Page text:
Meeting (and Hearing) Stan Lee (if Only for a Few Seconds)
By Andy Frisk
June 25, 2012 - 22:31
I don’t remember the first time I ever saw a picture or video captured image of Stan Lee. I do remember the first time I heard his voice though. It was during an episode of Spider-Man and His Amazing Friends that aired during the show’s second season after Stan began to do the narrations. “So that’s what the guy who writes those Soapbox things and has his name in every comic book listed as ‘Stan Lee Presents’ sounds like” I thought. At the time, the early 1980s, Marvel Comics were pretty much the only comics that existed for me. To me his voice sounded like that of an awesome grandpa or great-uncle that was always fun to visit or hang out with. The kind that always had an old comic book or two in his possession that he’d either let you read, or better yet gave to you, to keep you busy when he and your Dad were done playing baseball with you or whatever and had to keep you busy so they could visit with each other and their wives. This was before the age of the mass availability of video games, and kids were actually entertained by something at which they actually practiced a real skill (i.e. reading) while the adults spent their time catching up during family get togethers. Of course, as I grew older I read as much as I could about Stan Lee, watched many interviews with him, and devoured his Stan’s Soapbox articles in each comic that they appeared. I never forgot the first time I heard his fun and excitement filled voice though. I wouldn’t react similarly to the sound of any major pop culture icon’s voice that way again until I heard the same voice, live and in person, for the first time while waiting in line to get my first (and possibly only) ever autographed piece of memorabilia from The Man himself.
The process that I, and many other Marvel Comics fans, endured during this year’s Heroes Con in Charlotte, NC en route to our moment with Stan wasn’t exactly a pleasant one. When my group was called to get ready to line up, I came across the scene of a photographer going more or less crazy and laying out his commands as to how he was going to do the fan photos with Stan. This was something that I hadn’t paid for, so it didn’t directly affect me, but the good people who run Heroes Con (who had set up a process for moving the lines and getting people cued up) had a dilemma on their hands as the quite belligerent photographer was really messing up the flow of things. All ended up getting straightened out, but for a while mass confusion reigned. Eventually, I was sent upstairs to a conference room in the Charlotte Convention Center for waiting then marched back down to the cueing area, and finally into the line. It took a couple hours to get through the whole process, but the experience was made enjoyable by the awesome people that were in line around me. We talked about the silliness of the whole thing while I feverishly fretted over which item I wanted Stan to autograph for me. (I had three different options, but had only paid for one autograph). After a while, the whole thing began to seem silly to me en total. Why had I paid $50 for an autograph of a guy whose scrawl I had seen in countless comic books over the years? I could have gotten 50 dollar bin comics with that money. Then I heard Stan’s voice…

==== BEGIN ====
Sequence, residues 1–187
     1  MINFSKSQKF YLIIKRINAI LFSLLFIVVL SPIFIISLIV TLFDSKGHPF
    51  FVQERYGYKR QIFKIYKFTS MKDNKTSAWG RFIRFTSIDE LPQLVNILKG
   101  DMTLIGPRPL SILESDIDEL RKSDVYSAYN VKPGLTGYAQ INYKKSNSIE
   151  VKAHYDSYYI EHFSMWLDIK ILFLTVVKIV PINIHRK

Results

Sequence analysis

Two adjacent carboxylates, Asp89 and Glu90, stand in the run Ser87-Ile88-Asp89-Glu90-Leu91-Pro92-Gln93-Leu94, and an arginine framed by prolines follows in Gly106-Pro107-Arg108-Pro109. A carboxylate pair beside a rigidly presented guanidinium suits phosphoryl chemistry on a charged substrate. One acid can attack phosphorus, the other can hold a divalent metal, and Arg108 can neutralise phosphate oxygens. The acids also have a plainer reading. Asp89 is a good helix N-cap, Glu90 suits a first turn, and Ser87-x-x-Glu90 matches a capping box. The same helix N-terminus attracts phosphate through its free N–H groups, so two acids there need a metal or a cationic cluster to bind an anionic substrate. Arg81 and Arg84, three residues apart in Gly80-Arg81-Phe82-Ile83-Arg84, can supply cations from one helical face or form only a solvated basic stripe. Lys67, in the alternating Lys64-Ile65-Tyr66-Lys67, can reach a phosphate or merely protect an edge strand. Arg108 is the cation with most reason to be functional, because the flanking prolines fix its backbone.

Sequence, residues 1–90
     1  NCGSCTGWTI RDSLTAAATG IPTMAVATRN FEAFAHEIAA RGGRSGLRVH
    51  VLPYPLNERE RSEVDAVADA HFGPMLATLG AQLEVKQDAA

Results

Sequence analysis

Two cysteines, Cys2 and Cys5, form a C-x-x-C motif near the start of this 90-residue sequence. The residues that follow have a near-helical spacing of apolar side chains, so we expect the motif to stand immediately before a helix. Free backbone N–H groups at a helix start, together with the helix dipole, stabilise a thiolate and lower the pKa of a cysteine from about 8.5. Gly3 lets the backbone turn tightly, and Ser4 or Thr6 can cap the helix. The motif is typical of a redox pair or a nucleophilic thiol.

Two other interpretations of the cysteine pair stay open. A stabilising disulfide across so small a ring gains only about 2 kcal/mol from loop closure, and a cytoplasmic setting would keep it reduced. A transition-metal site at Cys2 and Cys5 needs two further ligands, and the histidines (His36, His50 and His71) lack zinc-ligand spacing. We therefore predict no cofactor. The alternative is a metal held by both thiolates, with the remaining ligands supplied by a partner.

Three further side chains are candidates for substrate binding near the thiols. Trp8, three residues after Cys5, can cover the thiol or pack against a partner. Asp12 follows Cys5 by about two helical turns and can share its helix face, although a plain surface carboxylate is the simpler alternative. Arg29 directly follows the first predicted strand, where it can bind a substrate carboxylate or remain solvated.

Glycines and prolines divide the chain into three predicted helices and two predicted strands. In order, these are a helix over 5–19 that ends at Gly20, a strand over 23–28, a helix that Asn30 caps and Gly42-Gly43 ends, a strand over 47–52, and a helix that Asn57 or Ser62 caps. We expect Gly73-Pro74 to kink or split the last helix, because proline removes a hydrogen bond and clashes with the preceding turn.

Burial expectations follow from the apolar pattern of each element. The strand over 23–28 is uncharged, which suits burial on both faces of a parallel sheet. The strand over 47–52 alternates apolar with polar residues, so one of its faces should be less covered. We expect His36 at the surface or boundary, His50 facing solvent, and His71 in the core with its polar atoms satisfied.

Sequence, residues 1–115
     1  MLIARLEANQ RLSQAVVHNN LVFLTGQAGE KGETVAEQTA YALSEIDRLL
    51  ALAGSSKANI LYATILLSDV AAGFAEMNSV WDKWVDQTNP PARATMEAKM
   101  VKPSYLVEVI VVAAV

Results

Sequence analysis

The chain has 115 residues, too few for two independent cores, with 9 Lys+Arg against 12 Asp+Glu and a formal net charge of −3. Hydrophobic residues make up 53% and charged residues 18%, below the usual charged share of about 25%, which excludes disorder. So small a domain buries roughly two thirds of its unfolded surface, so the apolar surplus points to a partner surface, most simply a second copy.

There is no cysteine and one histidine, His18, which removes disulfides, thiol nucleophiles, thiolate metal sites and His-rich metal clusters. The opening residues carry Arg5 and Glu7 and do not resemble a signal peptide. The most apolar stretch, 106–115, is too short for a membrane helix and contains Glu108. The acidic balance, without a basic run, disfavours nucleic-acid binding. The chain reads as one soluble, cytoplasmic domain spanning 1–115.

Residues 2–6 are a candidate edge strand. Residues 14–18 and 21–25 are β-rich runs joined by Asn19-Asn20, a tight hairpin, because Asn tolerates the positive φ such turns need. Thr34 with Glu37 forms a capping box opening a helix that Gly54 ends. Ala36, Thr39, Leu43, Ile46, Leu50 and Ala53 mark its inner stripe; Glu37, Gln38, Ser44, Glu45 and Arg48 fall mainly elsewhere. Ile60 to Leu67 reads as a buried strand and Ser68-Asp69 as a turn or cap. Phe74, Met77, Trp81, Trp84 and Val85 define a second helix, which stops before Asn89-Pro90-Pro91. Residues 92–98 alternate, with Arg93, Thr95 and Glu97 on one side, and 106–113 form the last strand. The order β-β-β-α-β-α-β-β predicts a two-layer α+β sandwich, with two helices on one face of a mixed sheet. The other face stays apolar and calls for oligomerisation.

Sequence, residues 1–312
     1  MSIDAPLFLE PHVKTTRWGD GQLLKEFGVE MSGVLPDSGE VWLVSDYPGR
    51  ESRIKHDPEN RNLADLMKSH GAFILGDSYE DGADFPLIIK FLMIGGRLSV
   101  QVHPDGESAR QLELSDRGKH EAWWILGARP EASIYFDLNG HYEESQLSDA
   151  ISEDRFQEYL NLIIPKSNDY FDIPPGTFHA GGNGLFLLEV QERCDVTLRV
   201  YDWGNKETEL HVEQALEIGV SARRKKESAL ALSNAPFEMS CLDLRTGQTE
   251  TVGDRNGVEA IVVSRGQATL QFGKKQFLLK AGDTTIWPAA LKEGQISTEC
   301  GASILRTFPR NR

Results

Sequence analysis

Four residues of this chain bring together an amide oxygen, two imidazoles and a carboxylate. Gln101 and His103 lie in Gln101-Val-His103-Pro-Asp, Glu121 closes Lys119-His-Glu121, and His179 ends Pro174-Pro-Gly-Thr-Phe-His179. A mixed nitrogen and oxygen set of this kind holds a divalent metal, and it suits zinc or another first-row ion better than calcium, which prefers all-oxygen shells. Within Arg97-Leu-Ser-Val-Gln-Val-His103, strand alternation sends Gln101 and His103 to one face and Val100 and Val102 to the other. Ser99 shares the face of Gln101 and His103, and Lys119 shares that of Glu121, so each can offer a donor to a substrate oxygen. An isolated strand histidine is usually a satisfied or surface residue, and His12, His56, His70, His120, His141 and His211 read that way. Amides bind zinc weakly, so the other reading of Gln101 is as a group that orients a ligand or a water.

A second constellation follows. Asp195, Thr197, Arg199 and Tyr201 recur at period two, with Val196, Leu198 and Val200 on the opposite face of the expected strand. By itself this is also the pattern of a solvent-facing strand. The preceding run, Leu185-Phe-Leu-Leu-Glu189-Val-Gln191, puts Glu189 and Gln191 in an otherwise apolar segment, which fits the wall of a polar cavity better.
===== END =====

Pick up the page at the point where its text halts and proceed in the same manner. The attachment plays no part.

Honestly, I don’t remember exactly what it was he was saying, but it was something of a gracious nature to a fan at the front of the line whose item Stan had just autographed. It was the same energetic and incredibly young sounding voice that I had heard for the first time almost 30 years ago coming out of my parent’s old 1970s floor model TV. I won’t deny that the hairs stood up on the back of my neck. I was really about to get the chance to say a few words to the man that had brought so much joy, excitement, and enlightenment to so many souls through his progressive and touching stories about finding your place in the world, learning how to handle responsibility, growing up, and always striving, if not always succeeding, to do the right thing. Stan Lee himself, I can only imagine, would be embarrassed by this description of his life’s legacy, but it is nevertheless true. What Stan Lee brought to the pop culture world is just as powerful as what Milton and Shakespeare have brought to the world of letters and literature. Stan Lee’s stories, creative direction, and the heart he put into them have influenced several generations of forward thinking and thoughtful men and women as well as boys and girls. I so wanted to make my thoughts on his legacy known to him, but I’d only have a few seconds while he signed the item I chose for him to sign (what that item ended up being is a story for another time). I also SO didn’t want to be “that guy.” You know the one I’m talking about: the one that has to be told to basically shut up and stop holding up the line. So as he signed my chosen item, during a bit of an awkward silence because I ended up being almost TOO silent during the few seconds it took him to write his name, I simply, with a voice that wasn’t quite as steady as I like to remember it being, simply said “Thank You.” Stan looked up at me, and with the mental faculties and sparkle in his eye of those of man of half his age or less simply responded, in his own very heartfelt way, “No, Thank You.” Then he smiled and the moment was over. It was a moment though that I’ll never forget.
Meeting Stan Lee, if only for a few seconds, was an experience I’ll never forget. So once again Mr. Lee, if you happen to ever come across this recollection, thank you for all the years of fun, joy, excitement, and moments of transcendence that you’ve brought to all of us over the years with your creations, enthusiasm, and heart.
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